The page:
TABLE 3______________________________________      COMPOSITION NO.:      6     7       8       9     10______________________________________INGREDIENTGROUND WASTE 37.3%   34.8%   71.9  71.9% 71.9%POLYOLEFINGROUND WASTE 34.6%   34.6%POLYPROPYLENEGLASS FIBERS 20.0%   20.0%   20.0% 20.0% 20.0%DIATOMACEOUS                             6.5%EARTHGROUND OYSTER        6.5%    6.5%    6.5%  6.5%SHELLS(97.5% CaCO.sub.3)EMULSIFYABLE         2.5%POLYETHYLENEWAXSTEARIC ACID 1.2%    1.2%    1.2%  1.2%  1.2%SODIUMBICARBONATE  0.4%    0.4%    0.4%  0.4%  0.4%DENSITY gm/cc.        0.82    0.86    0.72  0.78  0.75______________________________________

It will be appreciated that the instant specification and claims are set forth by way of illustration and not limitation, and that various modifications, additions or substitutions may be made without departing from the spirit and scope of the present invention.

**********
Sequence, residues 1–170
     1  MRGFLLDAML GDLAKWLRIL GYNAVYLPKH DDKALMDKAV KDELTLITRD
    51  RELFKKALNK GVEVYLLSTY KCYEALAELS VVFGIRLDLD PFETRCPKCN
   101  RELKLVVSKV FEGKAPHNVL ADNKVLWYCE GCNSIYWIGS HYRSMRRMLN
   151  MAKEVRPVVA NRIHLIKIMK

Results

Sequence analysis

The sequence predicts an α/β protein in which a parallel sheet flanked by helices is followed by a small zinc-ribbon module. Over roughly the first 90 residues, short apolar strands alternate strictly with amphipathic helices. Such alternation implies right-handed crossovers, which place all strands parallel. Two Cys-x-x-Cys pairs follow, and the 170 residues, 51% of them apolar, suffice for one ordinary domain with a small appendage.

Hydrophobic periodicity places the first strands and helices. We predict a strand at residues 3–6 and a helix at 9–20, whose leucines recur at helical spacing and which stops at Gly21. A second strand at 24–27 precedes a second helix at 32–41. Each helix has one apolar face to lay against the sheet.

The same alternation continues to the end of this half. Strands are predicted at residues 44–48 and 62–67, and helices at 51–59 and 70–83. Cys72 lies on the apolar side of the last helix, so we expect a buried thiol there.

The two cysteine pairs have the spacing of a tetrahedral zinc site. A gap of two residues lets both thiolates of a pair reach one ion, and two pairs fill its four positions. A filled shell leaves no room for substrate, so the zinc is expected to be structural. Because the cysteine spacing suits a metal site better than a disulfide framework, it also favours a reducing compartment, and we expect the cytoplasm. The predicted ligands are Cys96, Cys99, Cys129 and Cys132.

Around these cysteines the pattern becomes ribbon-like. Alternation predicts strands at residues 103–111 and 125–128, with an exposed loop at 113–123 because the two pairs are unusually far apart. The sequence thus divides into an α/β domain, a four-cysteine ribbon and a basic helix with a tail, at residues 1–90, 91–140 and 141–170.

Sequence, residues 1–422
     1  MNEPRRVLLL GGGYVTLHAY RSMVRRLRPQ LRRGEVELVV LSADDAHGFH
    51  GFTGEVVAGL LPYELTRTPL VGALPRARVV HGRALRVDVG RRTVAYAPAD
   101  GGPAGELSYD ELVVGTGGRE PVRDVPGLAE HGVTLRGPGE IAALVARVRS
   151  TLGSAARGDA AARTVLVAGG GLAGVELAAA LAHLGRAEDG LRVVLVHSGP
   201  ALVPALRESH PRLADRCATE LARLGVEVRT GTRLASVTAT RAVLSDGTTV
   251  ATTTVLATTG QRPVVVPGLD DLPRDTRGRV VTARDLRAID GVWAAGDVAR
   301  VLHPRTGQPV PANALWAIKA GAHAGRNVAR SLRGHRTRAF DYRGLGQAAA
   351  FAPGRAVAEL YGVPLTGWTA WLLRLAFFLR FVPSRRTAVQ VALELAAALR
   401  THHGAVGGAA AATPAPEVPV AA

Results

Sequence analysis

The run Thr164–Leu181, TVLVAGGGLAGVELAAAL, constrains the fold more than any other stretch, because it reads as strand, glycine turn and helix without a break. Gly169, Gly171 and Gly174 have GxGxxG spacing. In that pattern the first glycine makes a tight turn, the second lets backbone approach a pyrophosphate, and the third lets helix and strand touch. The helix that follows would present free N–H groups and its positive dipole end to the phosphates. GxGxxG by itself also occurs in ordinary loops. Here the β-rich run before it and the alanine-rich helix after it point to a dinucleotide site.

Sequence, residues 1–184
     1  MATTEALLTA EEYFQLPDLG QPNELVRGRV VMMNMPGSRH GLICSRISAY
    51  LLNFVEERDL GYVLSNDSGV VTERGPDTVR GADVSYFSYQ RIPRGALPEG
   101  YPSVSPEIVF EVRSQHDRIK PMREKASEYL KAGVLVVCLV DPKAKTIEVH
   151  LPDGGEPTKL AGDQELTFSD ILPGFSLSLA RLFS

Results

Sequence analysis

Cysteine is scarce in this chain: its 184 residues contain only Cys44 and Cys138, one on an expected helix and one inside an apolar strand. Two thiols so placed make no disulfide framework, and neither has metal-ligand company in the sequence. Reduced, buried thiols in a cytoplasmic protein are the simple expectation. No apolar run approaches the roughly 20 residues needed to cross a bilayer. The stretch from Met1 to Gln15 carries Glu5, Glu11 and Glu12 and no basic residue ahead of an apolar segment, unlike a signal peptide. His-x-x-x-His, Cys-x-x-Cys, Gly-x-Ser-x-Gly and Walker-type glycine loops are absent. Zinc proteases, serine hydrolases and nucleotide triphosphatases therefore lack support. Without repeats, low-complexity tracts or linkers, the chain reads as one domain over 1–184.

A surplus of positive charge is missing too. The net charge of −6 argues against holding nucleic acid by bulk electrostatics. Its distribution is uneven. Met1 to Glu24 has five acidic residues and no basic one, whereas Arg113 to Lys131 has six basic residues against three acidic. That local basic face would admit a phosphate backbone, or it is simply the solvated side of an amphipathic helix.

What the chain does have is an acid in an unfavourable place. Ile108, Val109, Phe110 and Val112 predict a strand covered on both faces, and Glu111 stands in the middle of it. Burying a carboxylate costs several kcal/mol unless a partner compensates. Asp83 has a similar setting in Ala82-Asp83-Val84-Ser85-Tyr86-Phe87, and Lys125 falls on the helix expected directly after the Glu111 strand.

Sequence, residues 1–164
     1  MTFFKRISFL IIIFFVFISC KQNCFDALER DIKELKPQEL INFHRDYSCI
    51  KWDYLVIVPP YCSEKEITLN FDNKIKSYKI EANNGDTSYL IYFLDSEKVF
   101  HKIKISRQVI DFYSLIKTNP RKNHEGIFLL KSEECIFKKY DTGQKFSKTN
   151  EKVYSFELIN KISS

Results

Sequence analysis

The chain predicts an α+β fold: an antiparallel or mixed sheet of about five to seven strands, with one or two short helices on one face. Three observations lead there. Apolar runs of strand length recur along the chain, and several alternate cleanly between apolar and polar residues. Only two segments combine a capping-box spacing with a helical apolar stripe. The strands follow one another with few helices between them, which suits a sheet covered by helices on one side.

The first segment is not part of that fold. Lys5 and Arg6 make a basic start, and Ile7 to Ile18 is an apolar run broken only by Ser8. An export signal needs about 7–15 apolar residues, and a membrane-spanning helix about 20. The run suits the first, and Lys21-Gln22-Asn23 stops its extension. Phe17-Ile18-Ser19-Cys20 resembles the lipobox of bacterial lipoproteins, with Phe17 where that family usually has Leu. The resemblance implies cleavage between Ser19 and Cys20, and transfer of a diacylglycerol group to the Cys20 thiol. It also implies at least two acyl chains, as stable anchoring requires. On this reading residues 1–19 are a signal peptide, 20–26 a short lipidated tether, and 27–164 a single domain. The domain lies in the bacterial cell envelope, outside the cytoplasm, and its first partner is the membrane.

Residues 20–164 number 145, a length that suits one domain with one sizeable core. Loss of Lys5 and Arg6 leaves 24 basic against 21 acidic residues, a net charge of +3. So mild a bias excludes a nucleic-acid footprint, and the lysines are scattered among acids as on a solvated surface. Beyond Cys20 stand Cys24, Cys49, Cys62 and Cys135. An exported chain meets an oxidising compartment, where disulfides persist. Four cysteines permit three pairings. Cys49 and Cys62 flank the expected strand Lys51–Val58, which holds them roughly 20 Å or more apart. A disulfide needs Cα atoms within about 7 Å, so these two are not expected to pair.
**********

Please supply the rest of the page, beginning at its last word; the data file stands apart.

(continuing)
Claims (27)

What is claimed is:
1. An extrudable composition for making construction material, comprising a dry blend of:
at least 50%, based of total weight of said composition, of a used polyolefinic material derived from residential, commercial, or industrial waste;
about 0.1 to 1.5%, based on the total weight of said composition, of an alkali metal bicarbonate; and
in a molar ratio of about 1:1 to 2:1 with respect to said bicarbonate, a saturated fatty acid which is a solid at room temperature, the amount of said alkali metal bicarbonate and said fatty acid being sufficient to form, upon extrusion, a foamed construction material having a specific gravity of 0.4 to 0.9; and